Autism/celiac/meds adjustment

Discussion in 'disABILITIES Community Board' started by leebee, Nov 29, 2011.

  1. leebee

    leebee DIS Veteran

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    I am trying to find some support/explanation for an issue I am having at work. One of my 8th grade boys is autistic; he is fully mainstreamed, can handle the work, but needs support with social interaction, "big" transitions, changes, etc. About 2 months ago he was diagnosed with hypothyroidism and full-blown celiac. He has been gluten-free for about 6 weeks now, and although he isn't growing and gaining weight, he is finally eating full meals and we're hoping he'll continue to make progress. However, in the past four weeks he has started exhibiting behaviors in the classroom that haven't been seen since he was in 2nd grade: blurting, picking (ears, nose, cuticles, etc.), crying, yelling at the teacher, flinging himself on the floor in frustration, etc. VERY uncharacteristic behavior. I am wondering if, now that he is GF, his metabolism and absorption are better and therefore his medications need to be evaluated and adjusted. I realize that he is also dealing with his own medical issues, but his mom relates that he hasn't been emotionally affected by the celiac diagnosis, which is consistent with his autism (unlike his NT 16 yo sister, who has also tested positive and is in denial, crying, doesn't want to go GF, etc.). ANYHOW... has anyone had experience with a celiac diagnosis and its effect on medication levels? Am I barking up the wrong tree here, or should we (the "team") consider requesting a medication eval? Any experience or input would really be appreciated; we are all pretty surprised at these behaviors, and I know the boy is struggling "in the moment." (as he seems to forget about problems when he goes to the next class)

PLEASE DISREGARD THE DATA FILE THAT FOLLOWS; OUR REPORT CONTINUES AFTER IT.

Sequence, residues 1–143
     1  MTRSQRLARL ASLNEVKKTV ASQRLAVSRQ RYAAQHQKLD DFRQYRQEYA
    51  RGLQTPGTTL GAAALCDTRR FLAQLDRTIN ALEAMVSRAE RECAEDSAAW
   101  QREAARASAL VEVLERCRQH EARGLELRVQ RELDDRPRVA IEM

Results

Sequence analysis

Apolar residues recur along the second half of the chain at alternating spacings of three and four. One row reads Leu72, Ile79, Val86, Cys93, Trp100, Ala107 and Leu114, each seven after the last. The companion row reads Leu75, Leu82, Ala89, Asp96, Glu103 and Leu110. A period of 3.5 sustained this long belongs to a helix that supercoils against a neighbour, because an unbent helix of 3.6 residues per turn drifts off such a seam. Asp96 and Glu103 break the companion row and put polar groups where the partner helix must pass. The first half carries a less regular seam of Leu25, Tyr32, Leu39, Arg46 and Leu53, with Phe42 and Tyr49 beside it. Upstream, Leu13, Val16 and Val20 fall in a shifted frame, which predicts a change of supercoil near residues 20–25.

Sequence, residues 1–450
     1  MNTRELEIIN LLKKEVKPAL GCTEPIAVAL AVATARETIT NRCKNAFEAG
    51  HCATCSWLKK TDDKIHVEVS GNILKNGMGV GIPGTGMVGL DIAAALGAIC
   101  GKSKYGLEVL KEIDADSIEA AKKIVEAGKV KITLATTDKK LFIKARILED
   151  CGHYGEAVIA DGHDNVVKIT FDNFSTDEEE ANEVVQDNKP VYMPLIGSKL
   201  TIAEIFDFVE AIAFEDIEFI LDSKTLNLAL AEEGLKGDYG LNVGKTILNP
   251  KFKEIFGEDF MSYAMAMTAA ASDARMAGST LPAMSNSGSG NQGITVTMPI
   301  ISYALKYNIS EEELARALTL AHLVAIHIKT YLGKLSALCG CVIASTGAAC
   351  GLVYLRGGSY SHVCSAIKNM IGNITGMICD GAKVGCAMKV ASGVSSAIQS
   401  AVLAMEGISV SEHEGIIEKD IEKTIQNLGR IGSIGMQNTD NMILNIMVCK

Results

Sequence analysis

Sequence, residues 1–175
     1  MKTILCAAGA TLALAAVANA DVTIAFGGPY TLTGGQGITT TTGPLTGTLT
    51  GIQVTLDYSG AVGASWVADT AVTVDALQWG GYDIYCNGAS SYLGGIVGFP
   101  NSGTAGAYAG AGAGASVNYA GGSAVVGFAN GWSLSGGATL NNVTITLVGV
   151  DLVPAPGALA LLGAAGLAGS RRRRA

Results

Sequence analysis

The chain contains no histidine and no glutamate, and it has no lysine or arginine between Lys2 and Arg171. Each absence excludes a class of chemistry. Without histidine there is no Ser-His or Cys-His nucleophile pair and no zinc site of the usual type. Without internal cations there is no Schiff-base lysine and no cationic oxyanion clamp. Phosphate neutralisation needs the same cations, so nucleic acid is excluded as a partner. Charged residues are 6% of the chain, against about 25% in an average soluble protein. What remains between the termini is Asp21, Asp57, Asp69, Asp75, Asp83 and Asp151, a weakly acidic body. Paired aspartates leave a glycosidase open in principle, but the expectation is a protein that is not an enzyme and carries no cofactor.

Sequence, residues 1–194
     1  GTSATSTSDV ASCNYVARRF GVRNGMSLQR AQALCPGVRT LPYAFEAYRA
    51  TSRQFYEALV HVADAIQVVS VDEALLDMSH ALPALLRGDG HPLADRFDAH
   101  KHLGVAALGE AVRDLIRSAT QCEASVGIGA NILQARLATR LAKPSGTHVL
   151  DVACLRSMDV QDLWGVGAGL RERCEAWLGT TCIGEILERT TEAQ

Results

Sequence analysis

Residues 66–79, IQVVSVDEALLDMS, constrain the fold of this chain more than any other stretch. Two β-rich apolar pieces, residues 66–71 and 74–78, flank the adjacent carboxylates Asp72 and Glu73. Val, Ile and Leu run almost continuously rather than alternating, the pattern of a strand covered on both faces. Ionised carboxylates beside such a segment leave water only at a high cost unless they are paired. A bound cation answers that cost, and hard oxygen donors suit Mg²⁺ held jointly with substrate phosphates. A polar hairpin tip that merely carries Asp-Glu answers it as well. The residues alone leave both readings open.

And FWIW, I am really proud of the other kids in this class. Nobody has stared, shied away from this boy, or made fun of him. In fact, several of the boys have tried to "help" when he is becoming distressed, making supportive comments, suggesting diversions, etc. Although I wouldn't go so far as saying any of these kids are his true friends (as so many of you parents sadly understand), they are certainly his classmates, he is part of the class, and they are supportive when he struggles. It could be so much worse!
     
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  3. clanmcculloch

    clanmcculloch DIS Veteran

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    His thyroid hormones will definitely need to be retested at periodic intervals until they're restablized. His thyroid function is pretty much definitely affected by his celiac. As his body heals over time (this is a very slow process), there will most likely be changes in his thyroid function. His doctor should probably treat him as though he's once again a new thyroid patient and retest as frequently as he would any new thyroid patient.

    That being said, I don't see the thyroid as being the main factor in what's going on here. This is more likely an affect of going gluten free than his thyroid. In autistic kids who have celiac or are gluten intollerant there's often a neurological effect to gluten. It can have an effect like taking a drug that makes you high. I've felt it myself and know it's real. The first month or two after going gluten free can be a detoxing period where the person is going through withdrawls and also as the fog clears suddenly all those stimulae are suddenly painfully clear (and yes I do mean painful since they may have been experienced previously from behind a fog and now they're sharp and difficult to cope with if the child has some sensory issues which autistic kids do have).